The Harvard graduate student who obtained a restraining order against his dissertation adviser has been expelled for violating his academic probation—though a lower court initially ordered Harvard to reinstate him.
The conflict between the two began in June 2016, when Gustavo German—then a graduate student in stem cell and regenerative biology—was detained in the middle of the night for an unwanted mental evaluation by request of his adviser, stem cell researcher Lee L. Rubin. Rubin said he was concerned for German, who had stopped showing up to the lab. German, though, alleged that the forced mental exam was an act of revenge—retaliation for raising concerns about research misconduct in Rubin’s lab.
Two months later, a court handed down two orders requiring Rubin to stay at least 100 feet away from German while also providing German adequate access to the Rubin lab. The restraining order, which Harvard quickly challenged, effectively barred Rubin from his own research facility.
According to court documents, German was expected to continue work on his dissertation, though under a different adviser, during the spring 2017 semester. But German took issue with his interim dissertation adviser as well, accusing her in a December 2016 email of “harassing conduct” and informing her that he would not continue to work with her. German could not be reached for comment.
Throughout the semester, according to court filings, German refused to attend multiple meetings with his dissertation advisory committee, instead asserting that the Massachusetts Superior Court now had control over his academic progress. Harvard subsequently placed German on academic probation, and on May 16, expelled him.
Following German’s expulsion, Harvard again intervened on behalf of Rubin in court, asking that the court rescind German’s access to University laboratory facilities. But on July 7, the court denied Harvard’s request—and ruled that the University must fully reinstate German as a graduate student.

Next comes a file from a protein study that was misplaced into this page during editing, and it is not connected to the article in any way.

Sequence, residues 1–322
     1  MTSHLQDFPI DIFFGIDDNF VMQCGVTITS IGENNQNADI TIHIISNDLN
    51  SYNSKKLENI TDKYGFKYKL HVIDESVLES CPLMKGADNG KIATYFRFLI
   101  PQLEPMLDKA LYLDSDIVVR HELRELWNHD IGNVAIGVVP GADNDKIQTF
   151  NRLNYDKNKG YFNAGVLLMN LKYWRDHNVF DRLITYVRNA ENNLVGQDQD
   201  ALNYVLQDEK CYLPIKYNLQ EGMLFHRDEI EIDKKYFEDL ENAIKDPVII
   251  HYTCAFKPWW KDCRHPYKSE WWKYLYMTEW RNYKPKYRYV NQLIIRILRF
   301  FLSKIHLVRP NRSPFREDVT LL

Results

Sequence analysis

The court further ordered that Rubin continue to serve as German’s adviser until another acceptable adviser was chosen, that German be invited to “periodic general lab meetings,” and that Harvard vacate the terms of German’s academic probation.
Harvard appealed that decision, and filed a motion to stay the court’s order.
In an order issued in late July, the appeals court sided with Harvard, granting a stay—effectively halting the enforcement of the previous court’s order—and questioning the legality of the lower court’s ruling that German be reinstated.
“By ordering that Harvard reinstate the plaintiff as a graduate student and asserting control over the terms of his academic progress, the judge intruded into the sensitive and complicated area of student-university relations,” Sookyoung Shin, an appeals court justice, wrote. “Harvard was entitled to sanction him accordingly.”
German has appealed Shin’s order, and court proceedings will likely continue through the fall semester.
—Staff writer Joshua J. Florence can be reached at email@example.com. Follow him Twitter @JoshuaFlorence1.—Staff writer Mia C. Karr can be reached at firstname.lastname@example.org. Follow her on Twitter @miackarr.
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